In a new paper, EPI Distinguished Fellow Lawrence Mishel uses newly available administrative data to calculate the hourly pay earned by Uber drivers, as well as the scale of Uber relative to the overall economy. Mishel’s estimates show that driving for Uber is very low paying, and that the scale of Uber’s driving—measured by either work hours or compensation—amounts to a very small share of the economy’s total work hours or compensation, less than 0.1 percent.
“The low pay and small economic weight of Uber and the gig economy overall, coupled with the fact that Uber drivers and other gig workers are mostly working on a part-time basis as a way to earn supplementary income, argue for a change in perspective,” said Mishel. “There is a lot of hype around Uber and the gig economy. But in any conference on the future of work, Uber and the gig economy deserve at most a workshop, not a plenary.”
Mishel calculates that, after accounting for Uber’s commissions and fees and vehicle expenses, and taking into account the cost of a modest package of health insurance and other benefits equivalent to those earned by W-2 workers, Uber drivers earn the equivalent of $9.21 in hourly wages—less than what is earned by 90 percent of all other wage and salary earners, and below the minimum wage in 13 of the 20 major urban markets where Uber operates.
Mishel estimates Uber drivers’ overall hourly compensation—comparable to the total wages and benefits earned by regular W-2 workers—to be $11.77. Such low hourly compensation is substantially less than the $32.06 average hourly compensation of private-sector workers, and less than the $14.99 hourly compensation of workers in the lowest-paid major occupation (service occupation workers).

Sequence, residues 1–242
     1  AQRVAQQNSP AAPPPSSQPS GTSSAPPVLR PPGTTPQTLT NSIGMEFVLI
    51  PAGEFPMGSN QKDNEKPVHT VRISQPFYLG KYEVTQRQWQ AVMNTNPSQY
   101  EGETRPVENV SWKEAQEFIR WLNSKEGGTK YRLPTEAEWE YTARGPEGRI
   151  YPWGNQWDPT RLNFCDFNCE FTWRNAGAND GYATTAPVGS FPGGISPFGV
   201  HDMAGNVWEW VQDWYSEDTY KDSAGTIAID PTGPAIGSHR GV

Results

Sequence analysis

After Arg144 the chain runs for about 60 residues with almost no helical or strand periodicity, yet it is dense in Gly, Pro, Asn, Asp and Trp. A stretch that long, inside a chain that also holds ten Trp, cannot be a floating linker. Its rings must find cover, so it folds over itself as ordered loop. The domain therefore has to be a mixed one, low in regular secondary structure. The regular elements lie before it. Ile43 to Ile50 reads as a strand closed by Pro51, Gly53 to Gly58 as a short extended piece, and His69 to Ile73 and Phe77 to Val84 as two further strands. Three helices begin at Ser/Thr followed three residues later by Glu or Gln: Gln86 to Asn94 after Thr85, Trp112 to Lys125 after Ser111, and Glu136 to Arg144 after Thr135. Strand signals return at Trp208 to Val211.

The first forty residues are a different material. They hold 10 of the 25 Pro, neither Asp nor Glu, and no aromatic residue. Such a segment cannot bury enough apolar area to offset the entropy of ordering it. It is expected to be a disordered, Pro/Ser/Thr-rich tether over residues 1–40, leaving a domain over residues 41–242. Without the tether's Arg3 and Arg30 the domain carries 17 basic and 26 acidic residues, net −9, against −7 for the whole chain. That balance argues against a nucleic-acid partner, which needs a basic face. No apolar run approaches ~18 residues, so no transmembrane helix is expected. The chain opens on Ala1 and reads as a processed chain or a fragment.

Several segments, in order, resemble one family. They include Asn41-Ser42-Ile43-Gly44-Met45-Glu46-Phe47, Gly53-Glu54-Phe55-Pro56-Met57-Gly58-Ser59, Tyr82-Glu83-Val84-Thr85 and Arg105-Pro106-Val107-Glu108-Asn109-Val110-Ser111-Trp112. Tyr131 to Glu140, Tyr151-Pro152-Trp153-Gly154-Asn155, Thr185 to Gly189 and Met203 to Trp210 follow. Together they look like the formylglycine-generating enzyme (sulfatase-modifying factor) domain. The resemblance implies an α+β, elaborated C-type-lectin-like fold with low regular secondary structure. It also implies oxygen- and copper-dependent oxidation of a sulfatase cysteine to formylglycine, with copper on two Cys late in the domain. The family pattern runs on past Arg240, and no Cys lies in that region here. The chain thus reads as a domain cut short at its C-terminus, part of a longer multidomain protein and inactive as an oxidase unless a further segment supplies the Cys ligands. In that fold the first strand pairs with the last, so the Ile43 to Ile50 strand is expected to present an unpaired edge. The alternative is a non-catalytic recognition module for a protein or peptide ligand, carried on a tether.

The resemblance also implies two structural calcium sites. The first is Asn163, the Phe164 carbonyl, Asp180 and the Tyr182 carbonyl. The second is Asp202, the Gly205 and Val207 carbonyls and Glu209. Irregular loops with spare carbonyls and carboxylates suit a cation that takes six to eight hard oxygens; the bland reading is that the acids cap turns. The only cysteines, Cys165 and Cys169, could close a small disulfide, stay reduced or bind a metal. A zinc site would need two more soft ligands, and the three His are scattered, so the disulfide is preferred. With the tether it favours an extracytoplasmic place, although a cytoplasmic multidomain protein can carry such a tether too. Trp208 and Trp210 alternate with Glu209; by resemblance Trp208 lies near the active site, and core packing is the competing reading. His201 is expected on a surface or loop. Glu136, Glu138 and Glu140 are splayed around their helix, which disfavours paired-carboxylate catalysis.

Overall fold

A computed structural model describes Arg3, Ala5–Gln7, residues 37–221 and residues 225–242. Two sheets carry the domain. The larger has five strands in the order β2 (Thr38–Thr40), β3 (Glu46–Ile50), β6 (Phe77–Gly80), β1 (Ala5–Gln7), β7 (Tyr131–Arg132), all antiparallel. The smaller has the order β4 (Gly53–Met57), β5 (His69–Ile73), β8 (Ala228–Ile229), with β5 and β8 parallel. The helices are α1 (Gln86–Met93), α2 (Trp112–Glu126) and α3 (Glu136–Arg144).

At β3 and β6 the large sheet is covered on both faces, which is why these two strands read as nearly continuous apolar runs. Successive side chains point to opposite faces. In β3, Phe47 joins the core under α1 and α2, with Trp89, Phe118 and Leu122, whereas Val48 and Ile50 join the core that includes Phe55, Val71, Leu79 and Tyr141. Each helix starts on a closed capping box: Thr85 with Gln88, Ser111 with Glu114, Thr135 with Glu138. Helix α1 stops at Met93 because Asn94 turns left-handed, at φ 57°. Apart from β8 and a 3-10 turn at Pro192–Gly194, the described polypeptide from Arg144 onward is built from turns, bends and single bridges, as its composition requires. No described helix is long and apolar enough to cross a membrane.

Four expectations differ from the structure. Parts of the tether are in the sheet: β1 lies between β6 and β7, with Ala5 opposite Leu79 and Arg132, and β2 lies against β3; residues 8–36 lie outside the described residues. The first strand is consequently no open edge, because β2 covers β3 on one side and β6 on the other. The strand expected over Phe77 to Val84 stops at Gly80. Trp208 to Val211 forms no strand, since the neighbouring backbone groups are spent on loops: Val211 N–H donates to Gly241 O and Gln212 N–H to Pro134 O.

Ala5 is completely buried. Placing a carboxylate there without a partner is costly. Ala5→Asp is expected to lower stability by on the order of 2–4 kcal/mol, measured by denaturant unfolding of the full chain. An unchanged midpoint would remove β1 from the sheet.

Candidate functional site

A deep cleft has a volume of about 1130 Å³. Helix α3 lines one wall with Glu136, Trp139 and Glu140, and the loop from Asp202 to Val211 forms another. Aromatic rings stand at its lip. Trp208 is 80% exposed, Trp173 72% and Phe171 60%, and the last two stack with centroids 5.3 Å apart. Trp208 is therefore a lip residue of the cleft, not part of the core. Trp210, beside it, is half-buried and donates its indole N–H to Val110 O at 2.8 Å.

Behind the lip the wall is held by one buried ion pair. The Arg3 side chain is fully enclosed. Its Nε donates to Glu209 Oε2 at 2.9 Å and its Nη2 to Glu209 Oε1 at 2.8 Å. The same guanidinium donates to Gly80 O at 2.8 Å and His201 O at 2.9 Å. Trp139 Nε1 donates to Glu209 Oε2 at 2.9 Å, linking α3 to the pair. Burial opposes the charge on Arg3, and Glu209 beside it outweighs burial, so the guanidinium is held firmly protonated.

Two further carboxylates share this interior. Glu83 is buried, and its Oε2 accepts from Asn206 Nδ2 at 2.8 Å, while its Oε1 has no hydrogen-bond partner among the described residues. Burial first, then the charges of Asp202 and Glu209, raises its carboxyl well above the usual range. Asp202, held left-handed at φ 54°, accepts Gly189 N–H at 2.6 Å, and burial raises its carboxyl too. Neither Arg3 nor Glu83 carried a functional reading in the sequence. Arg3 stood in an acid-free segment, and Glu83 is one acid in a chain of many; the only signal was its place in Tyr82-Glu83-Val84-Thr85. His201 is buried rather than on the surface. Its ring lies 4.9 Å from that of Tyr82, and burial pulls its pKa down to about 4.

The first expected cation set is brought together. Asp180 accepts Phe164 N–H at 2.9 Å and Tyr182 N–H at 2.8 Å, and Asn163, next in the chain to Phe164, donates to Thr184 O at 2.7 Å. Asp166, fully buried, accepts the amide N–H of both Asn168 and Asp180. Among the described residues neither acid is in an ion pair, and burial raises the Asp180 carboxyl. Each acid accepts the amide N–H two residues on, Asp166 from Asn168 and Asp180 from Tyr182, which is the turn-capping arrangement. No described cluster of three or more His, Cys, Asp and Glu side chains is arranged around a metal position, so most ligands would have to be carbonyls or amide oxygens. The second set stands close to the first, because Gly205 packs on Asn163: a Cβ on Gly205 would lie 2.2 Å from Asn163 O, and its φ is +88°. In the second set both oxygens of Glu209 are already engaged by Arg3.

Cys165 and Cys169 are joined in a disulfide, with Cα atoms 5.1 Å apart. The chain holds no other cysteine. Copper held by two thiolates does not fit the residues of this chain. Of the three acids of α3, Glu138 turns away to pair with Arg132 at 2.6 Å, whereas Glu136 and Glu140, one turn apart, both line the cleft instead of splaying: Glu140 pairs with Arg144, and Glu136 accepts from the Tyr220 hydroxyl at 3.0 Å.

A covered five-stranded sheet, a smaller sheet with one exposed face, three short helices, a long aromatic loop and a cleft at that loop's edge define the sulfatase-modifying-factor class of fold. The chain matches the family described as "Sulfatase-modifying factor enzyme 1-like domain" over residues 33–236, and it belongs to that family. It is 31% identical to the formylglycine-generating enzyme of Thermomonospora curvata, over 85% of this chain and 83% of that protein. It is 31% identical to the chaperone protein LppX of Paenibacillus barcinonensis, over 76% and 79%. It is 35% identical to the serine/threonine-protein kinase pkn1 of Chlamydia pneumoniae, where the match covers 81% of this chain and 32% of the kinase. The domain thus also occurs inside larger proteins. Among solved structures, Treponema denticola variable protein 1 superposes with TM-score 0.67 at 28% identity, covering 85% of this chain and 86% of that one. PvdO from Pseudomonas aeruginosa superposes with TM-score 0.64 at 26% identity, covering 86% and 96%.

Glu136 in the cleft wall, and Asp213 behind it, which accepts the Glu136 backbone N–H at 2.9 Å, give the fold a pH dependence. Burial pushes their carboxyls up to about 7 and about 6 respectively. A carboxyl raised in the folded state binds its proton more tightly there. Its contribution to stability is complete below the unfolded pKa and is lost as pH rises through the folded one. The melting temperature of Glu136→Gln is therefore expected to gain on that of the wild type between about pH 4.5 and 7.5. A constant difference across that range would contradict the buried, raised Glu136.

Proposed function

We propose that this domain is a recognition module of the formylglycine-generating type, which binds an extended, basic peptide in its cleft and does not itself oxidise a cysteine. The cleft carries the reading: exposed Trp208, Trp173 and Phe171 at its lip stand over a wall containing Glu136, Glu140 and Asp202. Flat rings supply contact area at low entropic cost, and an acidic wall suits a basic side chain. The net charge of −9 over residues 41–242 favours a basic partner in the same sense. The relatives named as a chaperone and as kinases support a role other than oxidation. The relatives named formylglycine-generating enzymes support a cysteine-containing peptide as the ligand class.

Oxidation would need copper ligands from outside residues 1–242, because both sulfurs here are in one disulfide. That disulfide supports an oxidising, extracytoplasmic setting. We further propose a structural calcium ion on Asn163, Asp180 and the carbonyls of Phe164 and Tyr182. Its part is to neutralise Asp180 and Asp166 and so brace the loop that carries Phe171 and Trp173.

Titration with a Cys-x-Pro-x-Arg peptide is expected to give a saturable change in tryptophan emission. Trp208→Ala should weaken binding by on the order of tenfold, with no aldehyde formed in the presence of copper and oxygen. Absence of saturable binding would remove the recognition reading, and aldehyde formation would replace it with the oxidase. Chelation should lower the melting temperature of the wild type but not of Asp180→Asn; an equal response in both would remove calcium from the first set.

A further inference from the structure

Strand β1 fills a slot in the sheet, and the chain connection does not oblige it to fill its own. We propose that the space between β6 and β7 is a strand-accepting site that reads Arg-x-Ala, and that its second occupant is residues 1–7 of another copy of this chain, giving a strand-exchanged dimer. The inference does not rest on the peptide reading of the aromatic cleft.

“Uber and other gig economy platforms engage many participants, but most do so for supplementary income on a very part-time basis and frequently for a limited time. At the same time, these platforms have a core group of full-time, year-round workers who provide a large share of the services provided,” said Mishel. “When assessing the scale of the gig economy and Uber driving it is necessary to account for this duality: the raw number of participants indicates a far greater size than their actual economic weight.”
Mishel provides several estimates of the size of Uber relative to the overall economy. Approximately 833,000 people drive for Uber in a year, accounting for 0.56 percent of all employment. But such an estimate ignores that Uber drivers have high turnover, working an average of three months and average only 17 hours per week. Adjusting for the part-year and part-time character of the work means that Uber drivers equate to 90,521 full-time, full-year workers, or just 0.07 percent of overall national full-time, full-year equivalent employment. Given that Uber is roughly two-thirds of the gig economy, this means that gig work accounts for 0.1 percent of national employment.
Mishel uses Uber’s administrative data on fares generated per hour worked to calculate the Uber driver “wage”—comparable to the wages reported for W-2 employees—by deducting Uber’s fees, such as booking fees and commissions, vehicle expenses, the taxes paid by self-employed drivers, and the cost of a modest benefits package. Uber drivers generate passenger fares of $24.77 each hour, but Uber receives $8.33 an hour in commissions and fees, about a third of passenger fares. Vehicle expenses, after taking into account their tax deductibility, cost drivers $4.78 each hour. This leaves drivers with a compensation of $11.77, on which they must pay $0.90 for the extra Social Security and Medicare taxes paid by the self-employed. The maximum drivers can direct towards their own living expenses, therefore, is $10.87—but only if they do not secure any health and retirement plans for themselves, or replace the unemployment insurance and workers compensation they would enjoy as payroll employees. If drivers provide themselves a very basic benefits package then their income, equivalent to the wages earned by regular employees, is just $9.21.